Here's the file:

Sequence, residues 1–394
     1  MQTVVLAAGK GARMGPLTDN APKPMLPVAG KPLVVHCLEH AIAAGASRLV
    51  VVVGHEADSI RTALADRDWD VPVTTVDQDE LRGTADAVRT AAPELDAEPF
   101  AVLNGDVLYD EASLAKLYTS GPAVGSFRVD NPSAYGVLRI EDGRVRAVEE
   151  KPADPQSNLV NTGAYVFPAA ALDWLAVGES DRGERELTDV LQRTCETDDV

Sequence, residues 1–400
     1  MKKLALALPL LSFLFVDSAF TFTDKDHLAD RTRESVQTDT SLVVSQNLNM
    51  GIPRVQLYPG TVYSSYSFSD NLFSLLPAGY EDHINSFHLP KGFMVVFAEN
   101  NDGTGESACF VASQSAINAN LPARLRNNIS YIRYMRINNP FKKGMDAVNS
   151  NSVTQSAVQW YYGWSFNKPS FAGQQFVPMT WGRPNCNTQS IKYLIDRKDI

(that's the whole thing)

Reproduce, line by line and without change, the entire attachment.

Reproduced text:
Sequence, residues 1–394
     1  MQTVVLAAGK GARMGPLTDN APKPMLPVAG KPLVVHCLEH AIAAGASRLV
    51  VVVGHEADSI RTALADRDWD VPVTTVDQDE LRGTADAVRT AAPELDAEPF
   101  AVLNGDVLYD EASLAKLYTS GPAVGSFRVD NPSAYGVLRI EDGRVRAVEE
   151  KPADPQSNLV NTGAYVFPAA ALDWLAVGES DRGERELTDV LQRTCETDDV

Sequence, residues 1–400
     1  MKKLALALPL LSFLFVDSAF TFTDKDHLAD RTRESVQTDT SLVVSQNLNM
    51  GIPRVQLYPG TVYSSYSFSD NLFSLLPAGY EDHINSFHLP KGFMVVFAEN
   101  NDGTGESACF VASQSAINAN LPARLRNNIS YIRYMRINNP FKKGMDAVNS
   151  NSVTQSAVQW YYGWSFNKPS FAGQQFVPMT WGRPNCNTQS IKYLIDRKDI